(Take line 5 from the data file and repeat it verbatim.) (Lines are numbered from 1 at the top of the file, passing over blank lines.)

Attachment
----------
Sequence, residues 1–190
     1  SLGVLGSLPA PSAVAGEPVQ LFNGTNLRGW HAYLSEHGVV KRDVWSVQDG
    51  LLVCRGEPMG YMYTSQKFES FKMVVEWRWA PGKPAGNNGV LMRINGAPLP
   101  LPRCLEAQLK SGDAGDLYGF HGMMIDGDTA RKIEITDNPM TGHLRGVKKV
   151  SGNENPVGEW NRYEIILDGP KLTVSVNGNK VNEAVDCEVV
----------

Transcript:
   151  SGNENPVGEW NRYEIILDGP KLTVSVNGNK VNEAVDCEVV